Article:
9. There seems to be assumptions made throughout the manuscript that the infographics in rich media are high quality. On page 5, for example, (I believe in reference to Chen’s research,) the authors write: “Objects which appear on the screen such as tables and images are well-organized in the infographic condition.” However, one can imagine a video with graphics that are not well organized or clear. In the present study, the authors deem the infographics used in the experiment as “interesting” (p. 11), and thereby emotionally engaging. I did wonder about the criteria the authors used to determine the appropriateness of their infographics. It is possible that graphics could be stale, juvenile, offensive, or even confusing—and thereby distracting, off-putting, and not conducive to learning. Are these possibilities accounted for in media richness theory? And in section 4.1, could you offer a little more insight into how graphics were chosen for the video and what made them (in your estimation) interesting?
  10. While the final section in which implications for future research were drawn out was well done, I would advise a paragraph acknowledging some of the other limitations of the present study, including the small sample size and the operationalization of learning as immediate performance on multiple choice items (as opposed to long-term retention or ability to explain core concepts.)
  11. I encourage the authors to frame their study not just with the rise of MOOCs, but also in light of the move to online learning precipitated by the pandemic. Because of the pandemic, the need to understand how best to support student engagement and learning in online formats has become all the more urgent, across education sectors.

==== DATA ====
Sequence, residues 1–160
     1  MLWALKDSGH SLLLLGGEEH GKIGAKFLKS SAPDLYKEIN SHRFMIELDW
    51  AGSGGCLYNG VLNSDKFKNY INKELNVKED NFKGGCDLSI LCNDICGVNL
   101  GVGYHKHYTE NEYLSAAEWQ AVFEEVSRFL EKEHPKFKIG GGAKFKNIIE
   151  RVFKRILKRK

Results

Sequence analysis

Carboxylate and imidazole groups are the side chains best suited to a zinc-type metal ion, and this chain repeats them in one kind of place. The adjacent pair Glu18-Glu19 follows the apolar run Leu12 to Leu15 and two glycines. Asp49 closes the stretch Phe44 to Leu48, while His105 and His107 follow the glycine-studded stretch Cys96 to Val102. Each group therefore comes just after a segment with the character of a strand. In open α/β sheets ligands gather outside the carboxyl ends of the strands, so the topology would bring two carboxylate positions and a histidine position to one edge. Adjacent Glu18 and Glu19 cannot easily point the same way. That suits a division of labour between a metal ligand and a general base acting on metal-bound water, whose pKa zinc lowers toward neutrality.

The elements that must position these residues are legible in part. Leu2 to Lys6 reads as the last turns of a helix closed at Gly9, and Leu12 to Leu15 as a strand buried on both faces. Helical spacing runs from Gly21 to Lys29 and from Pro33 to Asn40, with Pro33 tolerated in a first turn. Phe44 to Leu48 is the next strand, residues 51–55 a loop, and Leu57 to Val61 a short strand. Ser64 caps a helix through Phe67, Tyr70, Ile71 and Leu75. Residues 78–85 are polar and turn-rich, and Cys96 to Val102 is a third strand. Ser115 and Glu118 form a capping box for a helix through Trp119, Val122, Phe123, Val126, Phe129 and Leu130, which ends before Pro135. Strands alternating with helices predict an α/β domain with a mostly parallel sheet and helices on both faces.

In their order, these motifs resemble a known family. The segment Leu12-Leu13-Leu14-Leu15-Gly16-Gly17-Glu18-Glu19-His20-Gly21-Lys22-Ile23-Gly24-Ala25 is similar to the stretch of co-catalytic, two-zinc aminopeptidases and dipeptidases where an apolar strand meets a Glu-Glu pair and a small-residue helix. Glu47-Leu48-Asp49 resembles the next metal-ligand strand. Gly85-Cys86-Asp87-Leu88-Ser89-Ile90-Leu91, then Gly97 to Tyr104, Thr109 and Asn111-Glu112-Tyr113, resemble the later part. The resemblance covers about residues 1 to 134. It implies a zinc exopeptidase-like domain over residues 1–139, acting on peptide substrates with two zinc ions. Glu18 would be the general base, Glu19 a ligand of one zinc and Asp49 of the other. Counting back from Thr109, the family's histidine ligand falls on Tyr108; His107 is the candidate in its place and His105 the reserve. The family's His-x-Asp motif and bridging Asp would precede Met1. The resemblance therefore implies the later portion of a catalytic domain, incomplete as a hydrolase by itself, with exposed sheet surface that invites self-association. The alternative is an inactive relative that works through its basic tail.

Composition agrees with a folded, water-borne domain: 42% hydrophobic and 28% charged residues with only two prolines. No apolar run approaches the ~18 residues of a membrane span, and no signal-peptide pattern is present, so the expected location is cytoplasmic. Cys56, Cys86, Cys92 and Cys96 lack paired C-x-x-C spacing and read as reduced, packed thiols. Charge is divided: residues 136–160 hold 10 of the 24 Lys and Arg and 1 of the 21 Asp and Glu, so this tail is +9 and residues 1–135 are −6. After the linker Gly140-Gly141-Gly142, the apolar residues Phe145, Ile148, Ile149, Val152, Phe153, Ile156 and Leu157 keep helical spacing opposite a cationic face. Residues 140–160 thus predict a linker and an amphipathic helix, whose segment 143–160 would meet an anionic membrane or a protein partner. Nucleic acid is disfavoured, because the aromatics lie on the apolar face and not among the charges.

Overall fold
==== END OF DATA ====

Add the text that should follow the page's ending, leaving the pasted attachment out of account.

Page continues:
Author Response

 

I appreciated the opportunity to review “The influence of video format on engagement and learning in online learning”. The manuscript was well written and well organized, grounded in a sound theoretical framework. The data presentation was clear, and the research questions are timely, given the shift to online learning because of Covid-19.  I offer only minor suggestions below to strengthen this already very fine manuscript, which I believe offers an important contribution to education research.

Thank you for these comments.

   

What is meant by “lively” on page 3?

The sentence was reworked and clarified.

Given that Fredricks, Blumenfeld, and Paris recommend studying all three dimensions of engagement simultaneously, why was behavioral engagement not included in this study? The implication seems to be that passive video watching does not involve or induce behavioral engagement? The authors may consider adding a sentence to this effect or adding a justification for their lack of attention to behavioral engagement in this study.

Thank you for this comment. We have added the following sentence in section 2.3 ; “Given this passive research's context (i.e. online videos without behavioural interaction with instructors and peers), we have excluded this dimension from our study to focus on emotional and cognitive engagement.”



In a few places, the authors suggest that infographic videos provide more feedback to students (p. 3, 4, 8, 11). How is feedback being defined here?

Thank you for this remark. While the first criteria in the media richness theory involved feedback, our study did not involve any feedback. However, our infographic condition provided visual cues (second criteria) and diverse vocabulary (third criteria).  We, therefore, theorize hypothesis H1A and B only on those two criteria and not feedback. We have modified section 3 accordingly.  

I was intrigued by the differences between the EDA, facial recognition, and SAM data. In section 4.3.1, please include a discussion of whether/how the SAM has been validated, some sample items, and the reliability results of the measure in this particular study.

Thank you for this comment. See response to reviewer 2. The Self-Assessment Manikin (SAM) is a widely used instrument to measure self-perceived emotional response. This measure is widely cited (more than 7000 in google scholar). Because the SAM scale is iconographic (non verbal, pictorial assessment) and contains only a single semantic item, therefore, it is not possible to report reliability as we can with a multi-item psychometric scale. However, the sensibility of the scale has been validated by multiple authors, including those who initially proposed this scale, Lang et al. (doi:10.1016/0005-7916(94)90063-9), using affective picture databases.